Back in May the Statesman Journal editorialized in favor of moving ahead with downtown parking meters after only talking with proponents of the proposal. (I can't find this first editorial on the SJ web site; have asked online staff for help in locating it, as I'd like to contrast the two editorials).
Pleasingly, today's editorial takes a much more cautious, analytical, and public involvement-needed tone.
Interestingly, it is titled "Don't err in parking meters for downtown Salem," though the SJ editorial board did just that when it rushed to judgment on supporting parking meters in that first editorial before getting all the facts and hearing opposing viewpoints.
Salem Breakfast on Bikes has a good analysis of the Third Bridge story and parking meters editorial. Check out "Parking Meter Editorial and No Third Bridge Front Page Piece Show Contrasting Approaches."
Better late than never, the paper finally ran a piece on the N3B group. Its timing, of course, is curious: Long after the City Council deliberations and vote, long after the information might have served the public interest for this milestone.
The approach in the piece, also less analytical and more personality-profile, differs interestingly from a sort of companion editorial on parking meters.
(It should be noted that the reporter behind the N3B piece previously worked in depth on WESD, and is an investigative reporter rather than features writer. We can hope that her piece is just the start of more in-depth reporting!)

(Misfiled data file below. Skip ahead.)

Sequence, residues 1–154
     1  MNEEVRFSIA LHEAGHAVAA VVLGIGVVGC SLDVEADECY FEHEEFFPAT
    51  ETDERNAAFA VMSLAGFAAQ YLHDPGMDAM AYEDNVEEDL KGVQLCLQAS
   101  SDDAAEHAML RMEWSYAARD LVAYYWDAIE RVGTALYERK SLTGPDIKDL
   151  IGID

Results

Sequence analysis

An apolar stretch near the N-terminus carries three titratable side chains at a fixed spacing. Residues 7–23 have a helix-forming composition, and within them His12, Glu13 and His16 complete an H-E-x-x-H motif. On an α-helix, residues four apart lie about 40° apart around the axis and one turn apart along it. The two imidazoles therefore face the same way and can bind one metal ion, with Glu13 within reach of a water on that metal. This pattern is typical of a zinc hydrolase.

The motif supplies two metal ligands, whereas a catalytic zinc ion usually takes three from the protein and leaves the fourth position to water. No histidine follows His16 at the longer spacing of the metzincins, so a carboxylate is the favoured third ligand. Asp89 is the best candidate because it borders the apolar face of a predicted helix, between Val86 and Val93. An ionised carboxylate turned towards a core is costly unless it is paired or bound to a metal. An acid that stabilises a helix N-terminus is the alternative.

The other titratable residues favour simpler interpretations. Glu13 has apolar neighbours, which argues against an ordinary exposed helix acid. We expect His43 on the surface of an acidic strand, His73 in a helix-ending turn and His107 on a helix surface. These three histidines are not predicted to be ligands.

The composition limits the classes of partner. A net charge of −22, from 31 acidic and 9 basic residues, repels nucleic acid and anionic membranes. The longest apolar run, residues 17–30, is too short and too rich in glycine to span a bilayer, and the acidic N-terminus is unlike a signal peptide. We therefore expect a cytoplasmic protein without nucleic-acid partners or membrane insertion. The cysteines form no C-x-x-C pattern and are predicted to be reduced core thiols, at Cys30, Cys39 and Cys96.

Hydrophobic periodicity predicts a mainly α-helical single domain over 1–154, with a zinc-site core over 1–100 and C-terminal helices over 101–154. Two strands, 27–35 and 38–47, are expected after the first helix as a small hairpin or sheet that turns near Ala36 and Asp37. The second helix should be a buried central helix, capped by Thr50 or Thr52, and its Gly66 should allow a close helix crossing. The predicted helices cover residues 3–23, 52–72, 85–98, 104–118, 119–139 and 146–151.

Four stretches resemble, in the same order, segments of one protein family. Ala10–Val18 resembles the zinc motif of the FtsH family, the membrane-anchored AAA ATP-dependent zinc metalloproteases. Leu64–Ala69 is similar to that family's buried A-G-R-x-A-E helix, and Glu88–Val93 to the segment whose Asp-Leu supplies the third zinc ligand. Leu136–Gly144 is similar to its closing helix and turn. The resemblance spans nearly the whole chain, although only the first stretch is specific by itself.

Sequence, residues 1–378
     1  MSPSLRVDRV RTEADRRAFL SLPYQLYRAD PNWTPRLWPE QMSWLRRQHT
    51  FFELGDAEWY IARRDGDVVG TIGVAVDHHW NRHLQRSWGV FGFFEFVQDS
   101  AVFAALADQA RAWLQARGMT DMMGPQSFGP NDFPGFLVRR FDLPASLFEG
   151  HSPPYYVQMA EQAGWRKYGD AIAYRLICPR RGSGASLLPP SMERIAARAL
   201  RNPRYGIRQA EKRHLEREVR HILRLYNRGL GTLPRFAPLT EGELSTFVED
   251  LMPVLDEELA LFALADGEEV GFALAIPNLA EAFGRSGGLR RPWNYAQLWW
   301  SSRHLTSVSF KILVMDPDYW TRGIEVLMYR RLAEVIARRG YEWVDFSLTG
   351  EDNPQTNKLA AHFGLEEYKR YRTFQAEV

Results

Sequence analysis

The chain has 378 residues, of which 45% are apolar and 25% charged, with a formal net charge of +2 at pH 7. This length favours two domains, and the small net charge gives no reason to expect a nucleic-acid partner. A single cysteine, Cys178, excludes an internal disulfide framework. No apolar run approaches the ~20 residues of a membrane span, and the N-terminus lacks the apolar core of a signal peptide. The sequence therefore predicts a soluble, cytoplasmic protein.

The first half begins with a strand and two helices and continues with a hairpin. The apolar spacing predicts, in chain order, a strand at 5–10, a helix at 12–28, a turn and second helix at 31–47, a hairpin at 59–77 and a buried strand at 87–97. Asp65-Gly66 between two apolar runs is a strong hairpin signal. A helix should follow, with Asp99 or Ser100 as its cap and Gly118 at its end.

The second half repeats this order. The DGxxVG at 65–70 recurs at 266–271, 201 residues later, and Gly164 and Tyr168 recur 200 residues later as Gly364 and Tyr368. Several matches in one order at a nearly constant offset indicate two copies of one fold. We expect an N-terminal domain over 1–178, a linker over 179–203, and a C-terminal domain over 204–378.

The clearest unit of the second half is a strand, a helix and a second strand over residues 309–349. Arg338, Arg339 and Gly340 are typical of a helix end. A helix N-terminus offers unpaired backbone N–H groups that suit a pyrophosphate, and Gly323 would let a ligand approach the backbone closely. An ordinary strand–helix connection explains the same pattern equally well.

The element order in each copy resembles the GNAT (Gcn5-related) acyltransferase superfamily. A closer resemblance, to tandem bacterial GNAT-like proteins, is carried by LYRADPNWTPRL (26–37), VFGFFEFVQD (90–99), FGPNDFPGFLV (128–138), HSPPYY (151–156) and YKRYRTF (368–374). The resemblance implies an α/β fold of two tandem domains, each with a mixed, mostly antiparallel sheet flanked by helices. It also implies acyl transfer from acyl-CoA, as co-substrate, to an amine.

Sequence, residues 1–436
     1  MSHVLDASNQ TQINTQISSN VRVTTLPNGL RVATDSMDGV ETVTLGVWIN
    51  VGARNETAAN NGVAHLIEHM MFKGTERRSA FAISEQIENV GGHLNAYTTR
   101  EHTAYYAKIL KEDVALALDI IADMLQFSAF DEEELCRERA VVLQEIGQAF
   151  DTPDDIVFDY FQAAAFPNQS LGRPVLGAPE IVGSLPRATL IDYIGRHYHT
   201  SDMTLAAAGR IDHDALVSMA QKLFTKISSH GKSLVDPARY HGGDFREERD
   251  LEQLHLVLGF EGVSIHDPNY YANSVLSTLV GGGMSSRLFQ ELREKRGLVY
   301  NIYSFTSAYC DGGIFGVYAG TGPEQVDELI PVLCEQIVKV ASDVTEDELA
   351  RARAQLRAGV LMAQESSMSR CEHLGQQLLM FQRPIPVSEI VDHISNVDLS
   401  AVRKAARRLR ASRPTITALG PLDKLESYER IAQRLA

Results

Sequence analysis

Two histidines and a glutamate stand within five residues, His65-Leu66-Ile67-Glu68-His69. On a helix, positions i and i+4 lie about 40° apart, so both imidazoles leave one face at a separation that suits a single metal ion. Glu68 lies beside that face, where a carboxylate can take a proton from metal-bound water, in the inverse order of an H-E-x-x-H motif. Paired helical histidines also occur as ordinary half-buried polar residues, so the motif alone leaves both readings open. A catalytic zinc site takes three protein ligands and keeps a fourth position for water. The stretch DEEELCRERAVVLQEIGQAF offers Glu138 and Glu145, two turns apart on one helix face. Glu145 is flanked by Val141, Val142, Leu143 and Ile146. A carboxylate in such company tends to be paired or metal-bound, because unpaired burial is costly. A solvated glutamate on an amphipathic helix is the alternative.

If the paper has seemed locked into the a priori conclusion and circular logic of "we need a bridge because we need a bridge," on the matter of parking meters, in their editorial today they show a significantly different spirit of inquiry, exhibit analytical curiosity and sophistication, and a willingness to innovate and experiment.
They also met with parking meter critics in a formal editorial meeting, a courtesy they did not extend to N3B advocates.
Yes. In fact, no Statesman Journal staff member talked with any Third Bridge opponents prior to the Salem City Council voting in favor of moving ahead with the project. I think No Third Bridge deserves a meeting with the editorial board.
Just as the editorial board changed its mind about parking meters after meeting with opponents, I'm pretty sure meeting with the No Third Bridge folks will cause some SJ editorial board members to look differently upon their "let's go for it" editorial in favor of a Third Bridge -- which, again, was written without learning the arguments against it.